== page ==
Would any of your project ideas raise safety issues in terms of: researcher safety, public safety, or environmental safety?

      Biosafety regulations are national, international and local measures installed to minimize any risks involved in biological research. When determining the dangers that one’s research poses to their fellow researchers, the public at large, and the surrounding environment, we must first refer to the World Health Organization (WHO) biosafety manual to determine the risk level of the microorganisms involved. According to the WHO manual, a risk level one microorganism is one “that is unlikely to cause human or animal disease.” The University of Alberta team is using two non-virulent, relatively harmless strains of Escherichia coli: TG1 and TOP10. Consequently, these microorganisms are classified under risk level one.

      If our project goes completely according to plan this year, there will be no major safety concerns. Our microorganisms, biological parts, laboratory equipment and chemicals are all relatively harmless. The biological parts we are using simply consist of color, antibiotic-resistance (Chloramphenicol, Kanamycin, Ampicillin) and repressor genes. In terms of chemicals, other than the myriad of flammable solvents in the lab, the only other regularly used chemical that poses a possible health risk is ethidium bromide (EtBr). When exposed to extremely high concentrations of EtBr in experiments, human cell lines have received damage to their DNA. The concentration of EtBr used in our lab (10 mg/mL) is much higher than these levels which have shown toxic effects. To mitigate such risks, good microbiological techniques are consistently used in the lab, so gloves are always worn. The most dangerous laboratory equipments we use are a transilluminator, gel apparatus, and a Bunsen burner. The risks posed by exposure to UV radiation, electric shocks and open flames can be easily controlled with proper laboratory safety training. At the University of Alberta, the safety of our researchers is always our top priority. When any student first steps in the lab, they must go through the necessary laboratory safety training. Students are taught how to properly use equipment, dispose of wastes, autoclave used glassware and biologically-contaminated waste, disinfect counters and when to wear safety protection. Counters are always clean and uncluttered, and proper pipetting protocol is always used.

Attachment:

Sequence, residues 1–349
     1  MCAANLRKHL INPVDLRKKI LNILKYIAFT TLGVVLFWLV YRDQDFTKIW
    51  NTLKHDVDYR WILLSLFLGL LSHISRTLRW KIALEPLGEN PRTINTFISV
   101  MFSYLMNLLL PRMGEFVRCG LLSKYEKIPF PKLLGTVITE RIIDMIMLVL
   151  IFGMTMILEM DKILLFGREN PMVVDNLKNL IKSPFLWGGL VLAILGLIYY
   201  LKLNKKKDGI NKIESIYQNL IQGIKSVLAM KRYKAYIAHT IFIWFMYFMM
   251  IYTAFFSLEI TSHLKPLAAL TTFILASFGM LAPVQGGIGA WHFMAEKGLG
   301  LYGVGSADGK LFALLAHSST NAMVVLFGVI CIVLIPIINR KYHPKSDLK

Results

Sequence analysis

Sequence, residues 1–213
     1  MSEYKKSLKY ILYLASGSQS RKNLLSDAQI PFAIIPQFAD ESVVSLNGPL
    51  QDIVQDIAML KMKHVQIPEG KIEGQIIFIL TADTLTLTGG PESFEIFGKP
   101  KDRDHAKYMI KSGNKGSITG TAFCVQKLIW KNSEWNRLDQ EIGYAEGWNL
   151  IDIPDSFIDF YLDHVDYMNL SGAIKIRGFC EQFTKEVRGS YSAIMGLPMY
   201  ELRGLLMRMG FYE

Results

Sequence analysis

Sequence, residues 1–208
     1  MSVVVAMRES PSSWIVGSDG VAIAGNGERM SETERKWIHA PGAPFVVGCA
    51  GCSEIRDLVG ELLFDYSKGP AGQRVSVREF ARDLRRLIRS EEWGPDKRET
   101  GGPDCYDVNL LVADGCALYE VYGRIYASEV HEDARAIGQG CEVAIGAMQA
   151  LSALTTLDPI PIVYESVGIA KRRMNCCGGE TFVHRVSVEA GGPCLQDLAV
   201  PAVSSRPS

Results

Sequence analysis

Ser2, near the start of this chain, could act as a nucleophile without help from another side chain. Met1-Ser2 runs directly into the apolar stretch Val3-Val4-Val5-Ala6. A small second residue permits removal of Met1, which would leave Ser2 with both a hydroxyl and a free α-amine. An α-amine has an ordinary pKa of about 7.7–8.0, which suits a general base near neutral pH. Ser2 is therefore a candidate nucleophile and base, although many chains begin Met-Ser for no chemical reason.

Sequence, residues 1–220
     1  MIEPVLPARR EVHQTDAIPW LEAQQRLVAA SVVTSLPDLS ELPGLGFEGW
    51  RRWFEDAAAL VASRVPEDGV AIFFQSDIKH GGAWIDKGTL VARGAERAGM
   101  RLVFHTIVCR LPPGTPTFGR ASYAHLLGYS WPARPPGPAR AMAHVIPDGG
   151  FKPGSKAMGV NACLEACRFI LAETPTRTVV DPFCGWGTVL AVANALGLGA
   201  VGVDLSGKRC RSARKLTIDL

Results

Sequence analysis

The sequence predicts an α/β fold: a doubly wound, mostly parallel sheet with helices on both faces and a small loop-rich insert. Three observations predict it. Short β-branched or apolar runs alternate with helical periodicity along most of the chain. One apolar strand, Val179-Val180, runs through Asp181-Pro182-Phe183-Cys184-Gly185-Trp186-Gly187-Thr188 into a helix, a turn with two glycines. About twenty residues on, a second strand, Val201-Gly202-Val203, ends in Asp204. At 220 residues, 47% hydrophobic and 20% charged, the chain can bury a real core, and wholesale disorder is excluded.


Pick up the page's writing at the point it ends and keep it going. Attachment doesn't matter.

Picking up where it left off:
Proper laboratory safety training is practiced by all undergraduate and high school students to ensure cross-contamination does not occur, thus keeping results consistent from trial to trial. Proper technique is also practiced to prevent microorganisms from adhering to our clothes, and infecting others, including family members.

      Our project not going according to plan would pose as little risk as us succeeding. The standard and well characterized biobytes we are using do not have the potential to combine in dangerous ways. As with many other synthesized DNA constructs, we have found that our plasmids are lost from the bacteria over time (if plated without antibiotic present), due to the expression of colors being an unproductive strain on the cell’s resources. Consequently, there is little risk of our microorganisms spreading. Even if our E. coli strains survived and replicated in the wild, they are highly unlikely to cause harm to any humans or animals as risk level one microorganisms. The microorganisms we are creating in the lab would have less potential for malicious misuse than any bacteria normally found in the environment.

Do any of the new BioBrick parts (or devices) that you made this year raise any safety issues? If yes, did you document these issues in the Registry? How did you manage to handle the safety issue? How could other teams learn from your experience?

      The new BioBricks created by the University of Alberta this year do not raise any safety concerns. The BioBricks are novel circuits made from common genes coding for color proteins and repressors. The three color proteins being produced are red fluorescent protein (RFP), blue pigment protein (BPP), and green fluorescent protein (GFP), and the two inducible repressors are LacI, and TetR. All of the BioBricks parts produced this year are safe, non-virulent, and are consequently categorized under a Bio Safety Level One (BSL1). According to the WHO manual, BSL1 microrganisms require no safety equipment and allow for open bench work.